In introducing the composition hereof into an automobile or equivalent internal combustion engine, the procedure is to warm up the engine by running it for an appropriate period of time, for instance, until the engine attains normal operating temperature which, in the case of a watercooled automobile engine, may be that corresponding to a temperature of about 140 to 180 F. in the cooling water. With the engine in warmed-up condition and idling at a brisk pace, say, equivalent to a road-speed of about 25 to 35 miles an hour, the liquid composition hereof is gradually poured into the air-intake of the engine carburetor in the amount of, say, about a quart. As pouring continues, the engine commences to sputter and slow down and as this occurs, the pouring is increased to such a rapid rate that the entire quart of the composition is dispensed into the engine by the time the engine has been completely drowned or stalled. Within the hot combustion chambers into which the composition hereof has been sucked by the operation of the engine, the xylol and diacetone alcohol components of the composition hereof are immediately and practically completely transformed into a vapor phase by virtue of their contact with metal parts at temperatures far exceed ing their boiling points and of a heat content far greater than that necessary to effect the vaporization of all such components. The vapors thus generated in copious quantities diffuse throughout the combustion chambers and exert a softening and solvent action on the contaminations present on the various surfaces, including the surfaces of piston rings, valves and associated mechanism, combustion chamber walls, etc. on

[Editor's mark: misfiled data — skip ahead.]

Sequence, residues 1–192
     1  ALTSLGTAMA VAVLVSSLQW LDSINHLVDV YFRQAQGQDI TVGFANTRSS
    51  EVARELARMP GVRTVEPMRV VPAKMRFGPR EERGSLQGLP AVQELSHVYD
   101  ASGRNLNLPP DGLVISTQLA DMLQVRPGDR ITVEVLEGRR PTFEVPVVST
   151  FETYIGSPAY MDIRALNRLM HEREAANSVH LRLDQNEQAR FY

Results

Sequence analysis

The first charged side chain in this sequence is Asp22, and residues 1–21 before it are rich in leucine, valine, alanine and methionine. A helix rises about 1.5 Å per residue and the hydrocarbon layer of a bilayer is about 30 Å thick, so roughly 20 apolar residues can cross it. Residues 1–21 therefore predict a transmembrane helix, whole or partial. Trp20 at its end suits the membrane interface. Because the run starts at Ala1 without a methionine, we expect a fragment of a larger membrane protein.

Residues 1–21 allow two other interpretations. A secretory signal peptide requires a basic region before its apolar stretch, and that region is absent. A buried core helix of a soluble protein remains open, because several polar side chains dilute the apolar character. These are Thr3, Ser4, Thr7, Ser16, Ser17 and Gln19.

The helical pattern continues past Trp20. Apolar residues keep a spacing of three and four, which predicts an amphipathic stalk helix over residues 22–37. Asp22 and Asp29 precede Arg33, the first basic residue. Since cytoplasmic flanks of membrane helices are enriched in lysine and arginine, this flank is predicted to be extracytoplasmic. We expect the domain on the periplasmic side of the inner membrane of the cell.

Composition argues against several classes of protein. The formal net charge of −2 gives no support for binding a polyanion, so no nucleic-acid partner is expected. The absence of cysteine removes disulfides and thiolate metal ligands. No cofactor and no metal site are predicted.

which carbonaceous tars and/or gummy residues, or other contaminations may have accumulated as a result of past operation of the engine. After a short while, the diacetone alcohol vapor condenses on these various surfaces and the resulting condensate further softens, dissolves, and conditions the accumulated tars, gums, and other contaminations for immediate and complete scavenging or removal by the later-condensing xylol vapor-which, as its dew point is reached on further cooling of the engine, condenses progressively to form condensate that trickles progressively over the already-conditioned or largely dissolved tars, gums, and other contaminations and, in gravitating over the combustion chamber walls past the piston rings, washes such contaminations as a fluent solution into the engine crank case while leaving the desired film of lubricant or lubricating oil on the combustion chamber walls. The remotest fouled parts or surfaces of the engine are thereby purged of contaminations, which are flushed or washed into the crank-case oil. In a short period of time, say, about 15 to 30 minutes, the engine is purged and ready. to resume operation. However, prior to starting the engine, it is preferable to drain the fouled crankcase oil and to replace it by fresh crank-case oil. It is thus seen that the engine-purging method hereof is preferably performed at a time when the immediately above the pistons. I